It is interesting that even Amnesty International decided that Hamas, as well as Israel, had been committing ‘war crimes’. This briefly presented a problem for the BBC, since it had to dilute its preference for covering of all the evils committed by Israel. It quickly solved the problem, however. The missiles used by Hamas, it reported, were ‘unsophisticated’, and so, implied James Naughtie, it was somehow understandable that they hit civilians. Suddenly, ‘unsophisticated’ bombs acquired an old-world charm, like obsolete agricultural implements, or carthorses. Come to think of it, almost all Islamist terrorism, including September 11 itself, has been technically ‘unsophisticated’. It is not easy to see what advantage this gives to the civilian population which experiences it.
The people who best understand and most detest the Western media’s adulation of Islamist terror groups are Arabs from the secular Left. One such was Kassem Jaffar, who died last week. Kassem was part of the Lebanese Shiite diaspora, born in Nigeria. He graduated from the American University in Beirut in the 1970s, and latterly lived in London, writing for London-based Arab papers such as Al-Hayat and Al-Wasat. He served on the board of Al-Jazeera and was an adviser to the Qatar government. Kassem’s anger with Israel and the West was not of the existential or fanatical kind encouraged by the Islamists. In fact, he was not anti-Israel. He criticised only its opportunism in seeking an accommodation with Syria at the expense of his own country. In his view, Lebanon was destroyed by sectarianism, and he was coruscating, though coolly analytical, of the way Western reports romanticised Hezbollah and played down its murderous extremism. You could learn more about the Middle East in half an hour of Kassem than from an eternity of Jeremy Bowen, but now, aged 53, he is gone.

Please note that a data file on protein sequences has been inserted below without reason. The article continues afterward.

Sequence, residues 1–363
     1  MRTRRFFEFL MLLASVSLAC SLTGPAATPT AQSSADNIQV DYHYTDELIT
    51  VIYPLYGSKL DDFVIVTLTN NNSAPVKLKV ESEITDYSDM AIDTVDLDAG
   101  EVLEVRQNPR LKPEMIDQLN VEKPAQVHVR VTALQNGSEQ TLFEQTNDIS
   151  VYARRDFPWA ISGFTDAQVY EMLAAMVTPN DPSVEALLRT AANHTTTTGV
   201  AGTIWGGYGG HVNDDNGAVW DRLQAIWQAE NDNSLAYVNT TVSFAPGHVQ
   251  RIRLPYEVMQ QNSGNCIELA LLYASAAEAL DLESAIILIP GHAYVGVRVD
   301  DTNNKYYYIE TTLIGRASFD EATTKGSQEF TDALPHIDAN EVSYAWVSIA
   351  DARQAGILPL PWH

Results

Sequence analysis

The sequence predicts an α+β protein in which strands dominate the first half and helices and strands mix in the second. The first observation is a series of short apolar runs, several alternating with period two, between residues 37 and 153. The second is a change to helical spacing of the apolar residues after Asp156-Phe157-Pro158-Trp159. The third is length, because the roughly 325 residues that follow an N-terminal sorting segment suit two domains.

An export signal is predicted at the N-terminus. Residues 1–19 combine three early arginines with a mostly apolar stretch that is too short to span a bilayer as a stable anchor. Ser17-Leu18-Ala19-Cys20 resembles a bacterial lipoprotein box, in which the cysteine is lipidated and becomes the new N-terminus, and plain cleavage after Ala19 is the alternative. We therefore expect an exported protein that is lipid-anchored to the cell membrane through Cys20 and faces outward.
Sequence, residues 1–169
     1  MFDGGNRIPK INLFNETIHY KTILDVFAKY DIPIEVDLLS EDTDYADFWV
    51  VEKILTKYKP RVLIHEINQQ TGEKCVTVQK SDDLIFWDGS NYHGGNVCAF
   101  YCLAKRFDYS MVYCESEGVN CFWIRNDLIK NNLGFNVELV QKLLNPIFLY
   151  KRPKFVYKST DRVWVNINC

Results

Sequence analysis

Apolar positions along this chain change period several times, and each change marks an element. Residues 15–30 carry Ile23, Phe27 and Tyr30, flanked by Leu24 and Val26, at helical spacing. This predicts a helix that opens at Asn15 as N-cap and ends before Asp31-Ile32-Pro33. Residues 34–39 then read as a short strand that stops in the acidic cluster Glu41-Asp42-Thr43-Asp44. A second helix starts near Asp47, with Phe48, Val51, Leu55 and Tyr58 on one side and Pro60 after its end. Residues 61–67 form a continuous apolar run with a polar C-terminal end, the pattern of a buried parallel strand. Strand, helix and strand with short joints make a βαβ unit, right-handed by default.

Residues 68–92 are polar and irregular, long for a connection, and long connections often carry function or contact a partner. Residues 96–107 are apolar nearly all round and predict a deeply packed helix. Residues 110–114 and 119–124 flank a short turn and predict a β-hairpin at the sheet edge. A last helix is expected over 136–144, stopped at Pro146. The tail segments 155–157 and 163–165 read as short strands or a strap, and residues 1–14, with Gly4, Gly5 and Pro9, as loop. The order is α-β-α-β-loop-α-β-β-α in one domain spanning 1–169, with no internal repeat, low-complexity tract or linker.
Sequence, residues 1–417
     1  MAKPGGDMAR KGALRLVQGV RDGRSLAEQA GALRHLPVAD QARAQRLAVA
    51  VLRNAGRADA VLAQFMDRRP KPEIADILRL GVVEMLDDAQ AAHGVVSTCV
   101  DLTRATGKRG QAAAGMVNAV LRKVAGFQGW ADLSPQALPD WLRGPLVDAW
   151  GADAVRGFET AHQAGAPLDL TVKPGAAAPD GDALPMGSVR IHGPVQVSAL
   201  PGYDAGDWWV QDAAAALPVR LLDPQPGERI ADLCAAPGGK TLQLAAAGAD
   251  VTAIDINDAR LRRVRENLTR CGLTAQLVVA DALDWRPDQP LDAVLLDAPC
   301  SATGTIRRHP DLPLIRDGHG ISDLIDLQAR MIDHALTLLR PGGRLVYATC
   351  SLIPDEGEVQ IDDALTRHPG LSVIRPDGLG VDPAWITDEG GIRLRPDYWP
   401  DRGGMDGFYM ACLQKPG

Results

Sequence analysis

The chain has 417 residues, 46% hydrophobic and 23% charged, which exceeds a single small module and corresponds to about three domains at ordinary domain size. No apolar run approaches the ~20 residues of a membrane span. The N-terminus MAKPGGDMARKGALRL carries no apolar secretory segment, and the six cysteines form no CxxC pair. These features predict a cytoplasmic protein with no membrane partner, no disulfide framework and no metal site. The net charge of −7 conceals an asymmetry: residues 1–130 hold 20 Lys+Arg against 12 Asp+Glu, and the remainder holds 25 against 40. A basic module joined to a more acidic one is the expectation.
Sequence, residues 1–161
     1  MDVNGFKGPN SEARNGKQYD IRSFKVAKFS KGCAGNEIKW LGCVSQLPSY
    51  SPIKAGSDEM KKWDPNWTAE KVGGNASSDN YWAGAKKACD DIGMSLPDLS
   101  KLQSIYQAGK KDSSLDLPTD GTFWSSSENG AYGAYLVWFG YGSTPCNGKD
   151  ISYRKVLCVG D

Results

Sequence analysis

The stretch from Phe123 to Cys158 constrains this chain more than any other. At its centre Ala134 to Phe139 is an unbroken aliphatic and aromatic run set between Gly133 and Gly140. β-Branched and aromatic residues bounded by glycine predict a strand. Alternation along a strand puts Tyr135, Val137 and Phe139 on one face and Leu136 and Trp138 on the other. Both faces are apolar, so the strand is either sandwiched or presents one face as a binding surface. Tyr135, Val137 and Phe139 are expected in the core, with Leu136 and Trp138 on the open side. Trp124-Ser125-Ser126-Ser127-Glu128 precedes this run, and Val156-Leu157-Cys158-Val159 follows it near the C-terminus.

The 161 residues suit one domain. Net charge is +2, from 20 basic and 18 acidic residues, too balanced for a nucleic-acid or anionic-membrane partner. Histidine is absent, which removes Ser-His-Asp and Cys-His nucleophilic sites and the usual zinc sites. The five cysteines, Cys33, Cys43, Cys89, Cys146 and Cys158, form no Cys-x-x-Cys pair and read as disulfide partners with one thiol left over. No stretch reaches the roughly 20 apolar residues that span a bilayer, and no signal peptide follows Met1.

In the first of Jeremy Paxman’s television series The Victorians, which tries to see that age through its paintings, Paxman focused on Frith’s Derby Day. The picture of the picture was spliced with film of a recent Derby, to illustrate the point that, now as then, a rich variety of human life is present. The choice of film proved this better than Paxman could have known, because, to my delight, the camera happened to fasten on a top-hatted man and his wife whom, of all the people I know, I can most easily imagine as Victorians. They were Nick and Victoria Mills. Nick was a country vet of worldwide renown, and our neighbour. He was, as the Daily Telegraph put it, a ‘sex therapist’ to racing stallions, assessing and improving their fertility at stud. He was also a brilliant anecdotalist and a hugely energetic polymath, delighting in rugby and racing, and in any scheme which strengthened the relation between human beings and the natural world. He was a moving spirit in saving the unique garden of Great Dixter after the death of its owner, Christopher Lloyd. In between the making of Paxman’s film and its showing, Nick died suddenly, aged 54 — another death far too young. More than 800 people turned up to the country church for his funeral. With his public spirit and gusto and intellectual curiosity, Nick Mills would have been an ideal subject for Frith. By this little televisual chance, he sort of became one.
Why has the noun ‘harm’ lost ground to its plural? Experts now speak of the ‘harms’ done by alcohol, tobacco, drugs and so on. I wonder if it is something to do with money. If harm can be put into several categories, research into it can be paid for out of several departmental budgets.